There's something really interesting there, because generally when two people have massive success together, the first thought is like, well, let's do that again. That works. Yes.


So I'm curious, you are just fearful that it would fall short of this thing that you captured or you didn't have something particular in mind to do with him.


But I also kind of put it off because I thought I will never be able to top that or it'll always feel like it's not lost in translation.


And then now, after all this time, I thought I've never seen him as a dad. And we're both different because of a life. And he's older. And my brother and I did the Christmas special with him and he had a scene with Washita to work together. And I thought, oh, they're so cute together. They have a nice chemistry. And I love the idea of like a father daughter buddy movie. And I thought, I'm just going to get over my fear and and he's so great to work with.


And I knew that he could make the character lovable, who could have been very unlikable and know he would bring his heart to it and help me out.


Yeah. And what is on the rocks about do you hate telling the premises of your movies?


No, but I'm not I don't feel like I'm good at it. I have it down in a nutshell right now, but I'm going to meander. But hopefully a friend of mine had a story. She suspect her husband was having a thing with one of his coworkers and she had like a Playboy father who insisted that they, like, spy on the guy. And she was really like hiding in the bushes, spying on her husband. And I was like, oh, my God, that would be a fun premise for a buddy movie with a father and daughter.


And I love the Thin Man movies to the Thin Man. No worries that the thin.


Then there was a detective couple and they would just drink martinis and solve mysteries. And it was a whole series that I love. So that was kind of ideas. I wanted the two of them to be drinking martinis and discussing relationships while they're spying on her husband.


OK, so Dad's helping daughters spy on daughter's husband. Yeah. And in the meantime, I remember growing up with my dad and his buddies, like, telling me like it is about what men are really thinking and how it and that about like relationships. I just thought it was such a funny kind of different generation discussing men and women and relationships and and sort of about how your parents affect the way you pick a partner or how you look at them through their point of view, or also what comfort level you have kind of boundaries wise, if that's the right way to say it.


It's like, yeah, if you had kind of progressive parents, then the blueprint is a little more flexible or unconventional and then maybe you can go the other way.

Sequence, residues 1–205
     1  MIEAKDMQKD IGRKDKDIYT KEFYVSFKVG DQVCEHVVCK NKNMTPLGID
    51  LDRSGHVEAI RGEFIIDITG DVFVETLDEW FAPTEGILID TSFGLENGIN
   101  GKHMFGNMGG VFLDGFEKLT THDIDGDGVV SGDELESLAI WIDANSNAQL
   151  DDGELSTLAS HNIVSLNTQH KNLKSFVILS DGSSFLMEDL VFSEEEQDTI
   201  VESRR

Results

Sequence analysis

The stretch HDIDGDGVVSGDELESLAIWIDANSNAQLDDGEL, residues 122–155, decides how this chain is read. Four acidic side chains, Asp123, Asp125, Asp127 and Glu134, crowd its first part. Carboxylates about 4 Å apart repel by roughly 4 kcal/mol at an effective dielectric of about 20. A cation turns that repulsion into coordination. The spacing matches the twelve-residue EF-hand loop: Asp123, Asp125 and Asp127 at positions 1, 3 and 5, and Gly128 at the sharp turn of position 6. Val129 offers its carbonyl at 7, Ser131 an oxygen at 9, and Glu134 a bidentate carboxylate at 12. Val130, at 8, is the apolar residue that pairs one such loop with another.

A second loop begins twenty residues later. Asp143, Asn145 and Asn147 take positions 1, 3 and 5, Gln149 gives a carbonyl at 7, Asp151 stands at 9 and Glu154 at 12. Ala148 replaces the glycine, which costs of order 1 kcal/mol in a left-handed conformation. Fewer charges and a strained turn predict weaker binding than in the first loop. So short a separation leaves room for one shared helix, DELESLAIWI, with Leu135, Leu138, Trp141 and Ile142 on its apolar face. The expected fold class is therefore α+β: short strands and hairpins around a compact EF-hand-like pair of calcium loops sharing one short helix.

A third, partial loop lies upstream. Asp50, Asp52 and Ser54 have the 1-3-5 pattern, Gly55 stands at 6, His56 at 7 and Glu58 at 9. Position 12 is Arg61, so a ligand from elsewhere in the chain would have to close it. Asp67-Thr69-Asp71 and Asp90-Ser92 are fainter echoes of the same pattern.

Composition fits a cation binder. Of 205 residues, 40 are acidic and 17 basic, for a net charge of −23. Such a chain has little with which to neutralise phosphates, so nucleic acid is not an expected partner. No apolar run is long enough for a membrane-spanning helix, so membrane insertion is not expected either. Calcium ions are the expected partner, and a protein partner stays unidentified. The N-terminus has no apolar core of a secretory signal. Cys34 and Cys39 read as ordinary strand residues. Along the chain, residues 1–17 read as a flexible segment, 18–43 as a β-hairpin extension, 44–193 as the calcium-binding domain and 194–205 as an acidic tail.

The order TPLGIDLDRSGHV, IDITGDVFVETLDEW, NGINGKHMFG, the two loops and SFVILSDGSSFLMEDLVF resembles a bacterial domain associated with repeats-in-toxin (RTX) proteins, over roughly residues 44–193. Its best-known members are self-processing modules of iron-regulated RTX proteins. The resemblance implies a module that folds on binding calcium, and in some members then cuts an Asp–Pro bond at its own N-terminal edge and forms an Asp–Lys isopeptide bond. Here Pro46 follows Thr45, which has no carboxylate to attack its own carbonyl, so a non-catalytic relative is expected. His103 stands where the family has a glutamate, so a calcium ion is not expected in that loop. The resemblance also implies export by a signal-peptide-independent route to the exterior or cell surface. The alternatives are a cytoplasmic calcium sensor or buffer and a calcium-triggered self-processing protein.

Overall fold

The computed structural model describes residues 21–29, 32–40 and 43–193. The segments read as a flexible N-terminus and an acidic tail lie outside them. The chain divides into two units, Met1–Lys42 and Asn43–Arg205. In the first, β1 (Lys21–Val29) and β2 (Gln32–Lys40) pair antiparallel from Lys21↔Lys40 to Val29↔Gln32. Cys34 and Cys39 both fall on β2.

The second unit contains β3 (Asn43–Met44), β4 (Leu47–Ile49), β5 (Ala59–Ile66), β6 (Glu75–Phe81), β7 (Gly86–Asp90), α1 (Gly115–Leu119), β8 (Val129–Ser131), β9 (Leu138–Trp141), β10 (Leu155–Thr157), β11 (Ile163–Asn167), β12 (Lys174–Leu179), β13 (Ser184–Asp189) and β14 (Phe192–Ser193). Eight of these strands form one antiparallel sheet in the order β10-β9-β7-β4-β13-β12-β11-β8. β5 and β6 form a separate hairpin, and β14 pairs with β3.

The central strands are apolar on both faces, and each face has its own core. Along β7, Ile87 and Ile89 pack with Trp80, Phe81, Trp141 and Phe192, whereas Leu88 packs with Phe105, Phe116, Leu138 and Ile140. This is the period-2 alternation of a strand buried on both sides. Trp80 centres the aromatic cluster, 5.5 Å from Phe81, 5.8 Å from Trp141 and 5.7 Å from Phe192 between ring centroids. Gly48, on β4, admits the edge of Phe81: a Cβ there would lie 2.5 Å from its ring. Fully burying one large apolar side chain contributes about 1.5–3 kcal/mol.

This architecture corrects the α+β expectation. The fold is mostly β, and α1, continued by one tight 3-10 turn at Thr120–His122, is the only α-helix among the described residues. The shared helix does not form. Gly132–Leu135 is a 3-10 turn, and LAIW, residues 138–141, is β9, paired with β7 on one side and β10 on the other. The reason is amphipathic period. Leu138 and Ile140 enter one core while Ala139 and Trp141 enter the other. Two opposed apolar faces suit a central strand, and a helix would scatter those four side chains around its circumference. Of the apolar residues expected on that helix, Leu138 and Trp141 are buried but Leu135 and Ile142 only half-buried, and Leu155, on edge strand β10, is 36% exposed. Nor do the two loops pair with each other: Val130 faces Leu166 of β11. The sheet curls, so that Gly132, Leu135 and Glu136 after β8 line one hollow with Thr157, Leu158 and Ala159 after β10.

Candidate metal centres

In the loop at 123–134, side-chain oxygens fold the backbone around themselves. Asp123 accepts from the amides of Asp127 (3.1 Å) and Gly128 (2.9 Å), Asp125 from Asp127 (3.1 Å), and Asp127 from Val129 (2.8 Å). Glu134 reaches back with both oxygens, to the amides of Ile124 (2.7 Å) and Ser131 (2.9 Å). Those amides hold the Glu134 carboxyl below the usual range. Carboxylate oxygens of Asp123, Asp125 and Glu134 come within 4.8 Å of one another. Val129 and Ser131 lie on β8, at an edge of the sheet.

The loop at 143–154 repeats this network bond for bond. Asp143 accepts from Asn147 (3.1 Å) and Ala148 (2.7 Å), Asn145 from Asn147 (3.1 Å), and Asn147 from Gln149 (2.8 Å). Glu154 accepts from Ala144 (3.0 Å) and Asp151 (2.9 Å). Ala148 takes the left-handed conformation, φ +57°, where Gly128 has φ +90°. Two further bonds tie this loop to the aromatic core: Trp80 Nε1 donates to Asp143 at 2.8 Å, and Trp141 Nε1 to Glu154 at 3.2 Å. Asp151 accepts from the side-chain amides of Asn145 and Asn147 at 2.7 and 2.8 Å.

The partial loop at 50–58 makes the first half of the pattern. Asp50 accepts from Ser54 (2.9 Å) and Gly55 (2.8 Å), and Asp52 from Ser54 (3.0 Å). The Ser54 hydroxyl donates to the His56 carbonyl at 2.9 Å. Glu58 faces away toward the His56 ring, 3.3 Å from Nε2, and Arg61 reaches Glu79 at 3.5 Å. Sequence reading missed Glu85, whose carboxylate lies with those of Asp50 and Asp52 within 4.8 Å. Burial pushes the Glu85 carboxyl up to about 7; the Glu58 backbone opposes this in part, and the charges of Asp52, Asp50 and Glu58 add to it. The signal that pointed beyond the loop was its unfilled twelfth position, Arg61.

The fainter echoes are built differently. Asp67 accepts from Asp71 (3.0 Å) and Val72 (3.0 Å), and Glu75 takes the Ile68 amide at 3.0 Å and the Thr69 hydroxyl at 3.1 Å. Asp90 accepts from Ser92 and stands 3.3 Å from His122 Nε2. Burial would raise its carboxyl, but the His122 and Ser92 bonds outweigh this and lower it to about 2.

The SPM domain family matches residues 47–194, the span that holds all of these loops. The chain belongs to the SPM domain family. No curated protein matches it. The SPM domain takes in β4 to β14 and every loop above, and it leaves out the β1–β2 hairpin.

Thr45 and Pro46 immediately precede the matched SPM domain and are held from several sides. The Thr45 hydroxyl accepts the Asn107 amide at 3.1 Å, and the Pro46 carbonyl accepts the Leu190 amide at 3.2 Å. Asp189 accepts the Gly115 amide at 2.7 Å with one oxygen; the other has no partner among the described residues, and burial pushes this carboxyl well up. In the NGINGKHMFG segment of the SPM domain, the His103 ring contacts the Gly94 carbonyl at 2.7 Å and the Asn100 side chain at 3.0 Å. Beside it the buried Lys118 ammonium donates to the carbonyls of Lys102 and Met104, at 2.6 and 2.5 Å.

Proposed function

You well, you could go the other way. I see people go the other way or in my world. My mom and dad were best friends even though they were divorced and my mom was best friends with all of her exes. And there were exes all around, you know, like so I just grew up that way. And I'm friends with all my exes. And when I met Kristen, she was like, I do not understand this. I've never met anyone that's super close with all their exes.


And this is unusual. Weird. And her mom doesn't hang with her exes.


So I'm like, oh, we both just inherited this, you know? Yeah.


Yeah. I have to imagine it's all pretty predictable, but it is tempting to feel like you and I the age we are, that's the way our dads talked to your point in the way men are now, or at least should be. And we're aiming to be.


That feels like a huge chasm. I feel like it's a bigger one than has existed previously.


I think so, too. It feels like a huge difference between the generation. So just having them discuss these things from such a different aspect and then using it from his point of view, which is totally specific to him, and and getting kind of wrapped up in this idea that he has that he's like him. Yeah.


And I think for me, sometimes I get caught between, like, movements I support.


And yet this real weird tolerance for bad stuff simply because, again, I just everyone I love growing up, if they spoke the way they did in the late 70s, early 80s, you would hate them.


But I have all these memories of one that was totally fine and I see the joy and playfulness behind it. I'll be sometimes talking with someone like maybe fifteen years younger than me that maybe didn't experience that in the 90s growing up. And I can feel there's this dissonance about how I'm comfortable with flawed shit in bad ass of you.


And they don't seem to be. And I that's my only explanation for it.